Welcome to Sounds Like Noise. This site was originally set-up to explore Australia’s northern New South Wales region through a collection of field recordings and experimental soundscapes however over time it has expanded to include ruminations about sound and its relationship to our social and environmental heritage.

The northern New South Wales region of Australia is characterised by a richness of sonic-diversity yet with the relentless spread of suburbia it’s possible that the natural sounds specific to this region will be smothered by the blanket of modern [industrial] life.

I listen to the surrounding environment and question: what have we lost, where are we going, how can an understanding of sound help us appreciate what remains?

Jay-Dea Lopez

Contact: sounds_like_noise@yahoo.com.au

32 thoughts on “About

    1. soundslikenoise Post author

      Hi James – thanks for your comment. It’s always good to find other people working with altered sounds/soundscapes so I look forward to checking out your site.

  1. marko

    Beautiful recordings. It would be nice if you could share your field recording technique. What equipments are you using and how you edit etc… Many thanks

    1. soundslikenoise Post author

      Thanks Marko – I use a variety of mics and have the luxury of living in an area surrounded by a rich diversity of sub-tropical sounds. My basic field recordings are mostly unedited other than fade-ins/outs, graphic eqs and filters.

  2. Troels N

    I find this interesting. Good pictures combined with good “untouched” recordings makes me kind of feel the emotion of being where the pictures were taken. Cool.

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  4. katmcdaniel

    Wonderful blog! I have done a piece of video poetry recently called Mirage (about a hallucination in the desert) and one of the most rewarding parts of making the video was learning how to manipulate and use natural sounds, such as the breath, or stomping feet, or pouring water, to evoke a mood. I was completely struck by the power of sound itself. I will have to spend some time exploring what you have done and collected to get inspiration. Thank you!

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  6. katmcdaniel

    Hi Jay-Dea! I’ve given you the Very Inspiring Blogger Award because your blog is absolutely fascinating to me and has given me new perspective on sound. Consider this a big thank you and pay it forward to someone who has been an inspiration to you. If you aren’t into this sort of thing, then just know that someone out here admires your work.


    kat at synkroniciti

  7. Avinain

    This blog has grown to become one of my favorites over time. I love the way you explore sounds that can seem so alien from something so familiar. Keep it up!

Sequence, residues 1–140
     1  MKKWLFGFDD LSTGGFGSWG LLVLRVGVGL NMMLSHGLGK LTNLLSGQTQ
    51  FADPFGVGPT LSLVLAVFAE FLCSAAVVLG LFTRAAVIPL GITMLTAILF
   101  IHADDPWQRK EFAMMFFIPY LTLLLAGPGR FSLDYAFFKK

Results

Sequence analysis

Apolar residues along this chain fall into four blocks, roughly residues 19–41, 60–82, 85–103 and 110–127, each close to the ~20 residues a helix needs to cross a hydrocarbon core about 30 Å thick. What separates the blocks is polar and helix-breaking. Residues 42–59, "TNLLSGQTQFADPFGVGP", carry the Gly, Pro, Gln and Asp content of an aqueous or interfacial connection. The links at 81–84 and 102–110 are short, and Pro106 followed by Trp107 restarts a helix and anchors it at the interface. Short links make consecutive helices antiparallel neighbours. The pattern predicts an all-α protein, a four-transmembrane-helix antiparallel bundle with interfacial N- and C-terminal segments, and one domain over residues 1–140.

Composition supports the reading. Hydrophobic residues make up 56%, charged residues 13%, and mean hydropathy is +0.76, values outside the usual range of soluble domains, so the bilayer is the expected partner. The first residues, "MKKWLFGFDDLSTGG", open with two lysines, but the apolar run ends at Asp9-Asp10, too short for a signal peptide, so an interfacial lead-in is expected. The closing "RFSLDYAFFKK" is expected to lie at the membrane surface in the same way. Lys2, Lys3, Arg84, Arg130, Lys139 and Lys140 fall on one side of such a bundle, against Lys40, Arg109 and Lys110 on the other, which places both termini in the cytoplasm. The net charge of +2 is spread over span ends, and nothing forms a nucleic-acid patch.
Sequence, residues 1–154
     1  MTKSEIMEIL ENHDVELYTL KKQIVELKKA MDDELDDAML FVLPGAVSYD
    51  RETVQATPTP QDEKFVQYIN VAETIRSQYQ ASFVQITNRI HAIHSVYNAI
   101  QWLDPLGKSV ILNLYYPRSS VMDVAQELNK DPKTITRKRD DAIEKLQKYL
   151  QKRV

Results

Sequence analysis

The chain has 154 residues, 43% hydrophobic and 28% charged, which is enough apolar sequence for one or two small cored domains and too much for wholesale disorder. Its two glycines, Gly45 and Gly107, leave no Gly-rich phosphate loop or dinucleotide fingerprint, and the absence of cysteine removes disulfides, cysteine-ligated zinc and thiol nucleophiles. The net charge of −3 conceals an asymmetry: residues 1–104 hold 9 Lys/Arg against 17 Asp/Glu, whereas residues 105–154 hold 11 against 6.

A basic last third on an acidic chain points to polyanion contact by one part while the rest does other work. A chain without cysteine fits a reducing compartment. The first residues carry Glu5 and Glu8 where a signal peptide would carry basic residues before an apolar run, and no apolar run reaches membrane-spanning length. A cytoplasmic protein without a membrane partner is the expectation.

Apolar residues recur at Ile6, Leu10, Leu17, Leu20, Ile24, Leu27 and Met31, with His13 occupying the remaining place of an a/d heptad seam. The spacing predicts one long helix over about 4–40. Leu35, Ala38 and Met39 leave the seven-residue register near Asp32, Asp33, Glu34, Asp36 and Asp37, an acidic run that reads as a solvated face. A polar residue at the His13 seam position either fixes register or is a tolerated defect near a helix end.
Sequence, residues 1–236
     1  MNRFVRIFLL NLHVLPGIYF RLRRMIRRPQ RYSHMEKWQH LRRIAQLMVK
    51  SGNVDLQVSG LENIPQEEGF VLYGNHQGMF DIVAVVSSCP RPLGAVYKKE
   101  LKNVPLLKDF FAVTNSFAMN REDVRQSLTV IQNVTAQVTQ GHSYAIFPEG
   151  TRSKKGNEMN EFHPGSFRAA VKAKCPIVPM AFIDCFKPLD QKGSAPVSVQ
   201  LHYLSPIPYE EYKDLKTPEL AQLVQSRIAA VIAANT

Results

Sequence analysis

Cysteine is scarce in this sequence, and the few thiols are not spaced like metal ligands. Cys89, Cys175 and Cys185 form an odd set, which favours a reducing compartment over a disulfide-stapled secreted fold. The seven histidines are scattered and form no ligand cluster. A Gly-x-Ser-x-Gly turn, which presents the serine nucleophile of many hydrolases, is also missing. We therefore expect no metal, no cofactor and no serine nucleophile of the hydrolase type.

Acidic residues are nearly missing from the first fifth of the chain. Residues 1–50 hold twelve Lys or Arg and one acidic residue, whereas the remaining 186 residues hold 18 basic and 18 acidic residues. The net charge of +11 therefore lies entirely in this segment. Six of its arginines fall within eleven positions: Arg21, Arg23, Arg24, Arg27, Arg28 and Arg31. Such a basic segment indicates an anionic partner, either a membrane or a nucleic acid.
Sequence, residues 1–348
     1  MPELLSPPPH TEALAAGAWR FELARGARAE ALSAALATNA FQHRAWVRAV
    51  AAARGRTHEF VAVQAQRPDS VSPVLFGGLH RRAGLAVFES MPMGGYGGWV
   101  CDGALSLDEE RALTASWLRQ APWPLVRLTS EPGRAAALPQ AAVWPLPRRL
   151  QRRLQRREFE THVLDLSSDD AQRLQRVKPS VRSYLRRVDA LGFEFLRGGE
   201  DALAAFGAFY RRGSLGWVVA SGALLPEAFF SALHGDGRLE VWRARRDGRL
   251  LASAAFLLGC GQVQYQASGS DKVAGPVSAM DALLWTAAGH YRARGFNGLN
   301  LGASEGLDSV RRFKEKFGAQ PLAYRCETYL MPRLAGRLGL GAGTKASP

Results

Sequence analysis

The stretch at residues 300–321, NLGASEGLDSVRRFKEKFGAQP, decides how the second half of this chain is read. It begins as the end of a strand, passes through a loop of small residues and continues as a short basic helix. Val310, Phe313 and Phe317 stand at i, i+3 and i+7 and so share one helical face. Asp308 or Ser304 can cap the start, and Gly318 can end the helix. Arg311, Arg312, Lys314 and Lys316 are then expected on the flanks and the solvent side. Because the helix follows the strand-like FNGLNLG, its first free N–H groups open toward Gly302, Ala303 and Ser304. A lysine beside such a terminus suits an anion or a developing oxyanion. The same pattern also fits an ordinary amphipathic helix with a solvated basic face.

8. Timmo

    Great blog! I came upon after searching for night time insect sounds to see if I could find out what was flying around with a twittering sound tonight. Night time wildlife noises are so great.
    Lovely sounds and quite relaxing. Thanks

  9. donsolare

    I just love the sounds you captured.
    Only a highly sensitive person wants to do that – and actually do it.
    I am following the blog and will listen every single track you are offering.
    And yes, sometimes one wonders “who wants to listen these kind of ‘noisound’?” I dont know, but possibly much more than what we thought. Only that they are all around the globe.
    Juan María

  10. Ingrid Fry

    Hello! I agree with the comment made by donsolare. I love your blog. I stumbled across it whilst researching fruit bat calls, and in particular how to describe the sound their wings make. As a writer it is challenging to describe sounds in words. Recently I have been forced to think about the sense of hearing, which many of us tend to take for granted, along with taste and smell. My partner recently had a trauma induced brain injury and has lost a great deal of his hearing, smell and taste. The scent of the forest, a glass of red, a wet dog, toast, all the thousands of fragrances we take for granted. And sounds, to have them so muffled and distorted you can no longer enjoy listening. Our senses are wonderful, but so fragile. Keep up your beautiful endeavours.

    1. soundslikenoise Post author

      Hi Ingrid – thanks for your feedback. Sounds are indeed very tricky to describe, our vocabulary for vision is so much stronger. Sorry to hear about your partner, it must be quite awful having to negotiate your way through the world in that new way.

  11. Delphina

    I just came across your site while searching for a particular song so I could ID the species. Thank you so much for your recordings to listen to. I’ve had debilitating depression for many years and the beautiful songs you recorded, together with the accompanying writing gave me such peaceful respite for awhile. You have reminded me what is important in life, and I need to go back to my birdwatching or just sitting and actively listening to the birds around me. Pure and peaceful sounds. Thank you again for this gift.


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